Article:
Sickness is spreading throughout East Palestine, Ohio, following the Norfolk Southern train derailment earlier this month.
Locals say they continue to suffer from burning skin and constant headaches, and they worry about the risk of longer-term health problems like cancer. (Related: Check out our earlier coverage about how the controlled explosion of train cars in East Palestine created the largest dioxin plume in world history.)
According to Gov. Mike DeWine, a creek near East Palestine is still “severely contaminated” despite repeated claims by officials that air and drinking water quality are just fine. The Brandon regime is also deploying a team of toxicologists to assess the site.
One resident named Nadine Lucie Straile who does not live in East Palestine says she developed a horrible headache and burning skin not long after eating at a Kentucky Fried Chicken restaurant on February 7 near the site of the controlled explosion.
“That night my eyes started burning like never before and then a horrible headache came on,” Straile told Sputnik. “My lips, tongue and throat, nasals were burning … a day later I started tingling all over my body.”
Straile’s neighbors, who live about 20 miles away from the site of the wreckage, are experiencing similar symptoms, possibly due to wind spreading the toxic chemicals far beyond the town into the greater region.
“This was not a neuropathy tingling. A different type, even my breast. My neighbors are experiencing some of the same symptoms,” Straile added. “My blood pressure went sky high, probably from the pain, the ER said.”
Is East Palestine unlivable?
Another local resident named Heather Ann who lives about four miles from East Palestine says she, too, is suffering from constant headaches, a burning skin sensation, difficulty breathing, and sinus issues ever since the derailment.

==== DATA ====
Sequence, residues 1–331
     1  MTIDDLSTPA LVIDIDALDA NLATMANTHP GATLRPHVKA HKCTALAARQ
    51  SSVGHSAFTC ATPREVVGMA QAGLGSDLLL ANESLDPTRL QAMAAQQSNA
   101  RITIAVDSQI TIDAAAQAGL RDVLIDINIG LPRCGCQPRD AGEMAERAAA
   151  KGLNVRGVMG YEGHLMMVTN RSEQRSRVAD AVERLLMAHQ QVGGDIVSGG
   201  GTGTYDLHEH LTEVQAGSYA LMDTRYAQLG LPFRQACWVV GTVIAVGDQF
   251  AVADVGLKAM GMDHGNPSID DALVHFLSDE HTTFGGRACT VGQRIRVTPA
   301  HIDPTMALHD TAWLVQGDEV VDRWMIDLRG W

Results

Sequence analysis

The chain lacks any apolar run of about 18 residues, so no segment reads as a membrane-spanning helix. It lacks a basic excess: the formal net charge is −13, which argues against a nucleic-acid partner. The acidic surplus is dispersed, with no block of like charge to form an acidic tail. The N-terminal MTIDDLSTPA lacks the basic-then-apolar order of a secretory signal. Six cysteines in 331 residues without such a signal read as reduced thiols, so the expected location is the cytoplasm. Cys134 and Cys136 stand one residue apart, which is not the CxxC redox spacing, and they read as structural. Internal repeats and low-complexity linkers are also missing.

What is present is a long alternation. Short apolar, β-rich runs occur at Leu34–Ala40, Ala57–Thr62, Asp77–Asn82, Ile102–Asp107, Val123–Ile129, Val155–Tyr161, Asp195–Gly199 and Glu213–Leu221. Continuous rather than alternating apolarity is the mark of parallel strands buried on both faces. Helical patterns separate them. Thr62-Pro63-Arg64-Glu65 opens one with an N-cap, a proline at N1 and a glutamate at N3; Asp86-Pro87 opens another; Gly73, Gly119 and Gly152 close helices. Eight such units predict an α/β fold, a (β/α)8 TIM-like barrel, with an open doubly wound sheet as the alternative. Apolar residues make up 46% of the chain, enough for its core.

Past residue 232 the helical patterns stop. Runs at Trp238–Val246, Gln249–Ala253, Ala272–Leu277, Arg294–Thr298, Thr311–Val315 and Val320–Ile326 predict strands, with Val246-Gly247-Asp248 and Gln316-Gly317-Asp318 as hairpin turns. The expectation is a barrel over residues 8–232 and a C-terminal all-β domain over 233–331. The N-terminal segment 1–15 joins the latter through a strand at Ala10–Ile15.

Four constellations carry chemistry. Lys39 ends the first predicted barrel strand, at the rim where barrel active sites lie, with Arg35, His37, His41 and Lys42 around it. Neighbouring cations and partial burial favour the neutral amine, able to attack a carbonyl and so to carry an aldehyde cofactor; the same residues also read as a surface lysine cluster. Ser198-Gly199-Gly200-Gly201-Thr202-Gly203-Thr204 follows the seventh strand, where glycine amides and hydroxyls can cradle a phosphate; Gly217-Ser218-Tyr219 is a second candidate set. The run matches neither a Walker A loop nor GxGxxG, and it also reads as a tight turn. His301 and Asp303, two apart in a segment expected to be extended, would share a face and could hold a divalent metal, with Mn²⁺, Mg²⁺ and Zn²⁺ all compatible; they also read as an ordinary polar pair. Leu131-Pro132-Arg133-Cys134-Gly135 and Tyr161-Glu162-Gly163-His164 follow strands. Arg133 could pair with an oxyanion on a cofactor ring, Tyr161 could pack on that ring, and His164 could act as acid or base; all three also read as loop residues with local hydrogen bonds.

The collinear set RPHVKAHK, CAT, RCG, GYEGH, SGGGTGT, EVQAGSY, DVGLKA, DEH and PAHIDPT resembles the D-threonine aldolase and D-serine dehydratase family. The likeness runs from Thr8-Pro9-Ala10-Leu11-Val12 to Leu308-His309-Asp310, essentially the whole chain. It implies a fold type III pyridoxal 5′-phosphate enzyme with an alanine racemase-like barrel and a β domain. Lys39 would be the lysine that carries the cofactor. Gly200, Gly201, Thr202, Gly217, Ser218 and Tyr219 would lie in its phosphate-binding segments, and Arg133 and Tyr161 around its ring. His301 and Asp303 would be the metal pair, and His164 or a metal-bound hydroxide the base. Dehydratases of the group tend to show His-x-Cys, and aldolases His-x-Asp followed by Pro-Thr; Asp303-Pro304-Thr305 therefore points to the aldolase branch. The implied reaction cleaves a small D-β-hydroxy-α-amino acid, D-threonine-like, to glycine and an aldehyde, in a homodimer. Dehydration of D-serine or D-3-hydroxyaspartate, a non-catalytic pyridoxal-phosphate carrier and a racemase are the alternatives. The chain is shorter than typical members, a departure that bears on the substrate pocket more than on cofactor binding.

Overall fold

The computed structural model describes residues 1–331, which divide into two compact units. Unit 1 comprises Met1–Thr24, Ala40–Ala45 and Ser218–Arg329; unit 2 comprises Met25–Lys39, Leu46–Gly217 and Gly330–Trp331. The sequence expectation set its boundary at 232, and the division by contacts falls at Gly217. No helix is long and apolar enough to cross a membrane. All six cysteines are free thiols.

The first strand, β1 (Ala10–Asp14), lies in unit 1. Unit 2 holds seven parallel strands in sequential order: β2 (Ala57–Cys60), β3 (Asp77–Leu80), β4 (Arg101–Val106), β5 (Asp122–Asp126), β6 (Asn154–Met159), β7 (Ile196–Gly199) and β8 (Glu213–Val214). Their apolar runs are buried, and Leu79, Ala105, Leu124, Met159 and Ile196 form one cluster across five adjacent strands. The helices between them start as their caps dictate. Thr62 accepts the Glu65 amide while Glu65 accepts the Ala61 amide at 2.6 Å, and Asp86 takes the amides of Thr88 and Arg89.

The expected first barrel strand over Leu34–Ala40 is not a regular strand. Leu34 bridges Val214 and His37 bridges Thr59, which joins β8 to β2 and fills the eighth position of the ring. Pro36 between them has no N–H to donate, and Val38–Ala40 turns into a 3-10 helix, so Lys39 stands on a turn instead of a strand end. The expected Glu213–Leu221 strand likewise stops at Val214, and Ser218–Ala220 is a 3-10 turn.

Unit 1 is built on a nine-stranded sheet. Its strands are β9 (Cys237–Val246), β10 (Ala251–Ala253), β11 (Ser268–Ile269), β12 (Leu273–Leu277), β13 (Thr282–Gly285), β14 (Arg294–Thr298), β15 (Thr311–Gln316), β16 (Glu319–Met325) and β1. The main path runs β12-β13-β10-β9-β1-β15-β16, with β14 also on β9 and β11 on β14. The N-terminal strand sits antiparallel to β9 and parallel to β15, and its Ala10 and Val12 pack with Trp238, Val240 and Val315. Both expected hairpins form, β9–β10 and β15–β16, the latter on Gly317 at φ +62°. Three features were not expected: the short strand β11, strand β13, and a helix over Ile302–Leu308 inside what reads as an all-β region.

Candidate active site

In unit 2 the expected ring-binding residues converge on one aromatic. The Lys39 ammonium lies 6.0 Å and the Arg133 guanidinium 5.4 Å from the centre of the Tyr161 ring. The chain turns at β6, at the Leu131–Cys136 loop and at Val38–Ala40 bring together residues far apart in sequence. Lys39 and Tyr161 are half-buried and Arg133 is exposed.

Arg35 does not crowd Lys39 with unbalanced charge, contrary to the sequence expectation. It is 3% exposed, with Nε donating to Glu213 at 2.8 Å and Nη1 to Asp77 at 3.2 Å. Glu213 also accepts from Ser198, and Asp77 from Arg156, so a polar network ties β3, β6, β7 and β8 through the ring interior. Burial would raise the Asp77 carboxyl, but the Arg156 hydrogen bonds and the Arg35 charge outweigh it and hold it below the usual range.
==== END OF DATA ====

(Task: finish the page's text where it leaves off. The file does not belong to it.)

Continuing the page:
“The smell is gone now but it was noticeable the week it happened and the air felt difficult to breathe,” she said. “My dog was also coughing the day it happened.”
Ann is skeptical about the government’s claims that everything is a-okay in East Palestine, a very limited area of which was evacuated and for just a very short time following the incident.
“They only evacuated 1 mile and then two miles out but we are four miles away and had symptoms,” Ann explained to the media.
“I don’t understand why they didn’t evacuate a further radius. Or why they are saying it’s all safe. I noticed the water in town no longer looks as clean and had a strange film on top.”
Luke Galvan, another local resident, added that the whole experience has felt like a movie. This is hardly surprising, seeing as how the 2022 Netflix movie “White Noise” predicted all of this, almost verbatim.
Filmed almost entirely in Northeast Ohio, White Noise is set in East Palestine, but in 1985. It features a train derailment, explosion, and toxic release scenario that is an almost carbon copy of what actually occurred there in real life this month – and some East Palestine residents even participated as extras in the film.
“My wife and I were like everybody from town, kind of looking at the spectacle of the train burning,” Galvin said. “Nobody thought that it was going to be as big as what it was.”
When Galvin evacuated his mother’s house about six miles away from the site of the explosion, his symptoms went away – but only temporarily.
“We went back into town a few times to try to take care of the cats and stuff, and I get the same deal … my eyes burning, kind of the same thing that I felt,” he said.
The latest news about the situation in East Palestine can be found at Disaster.news.
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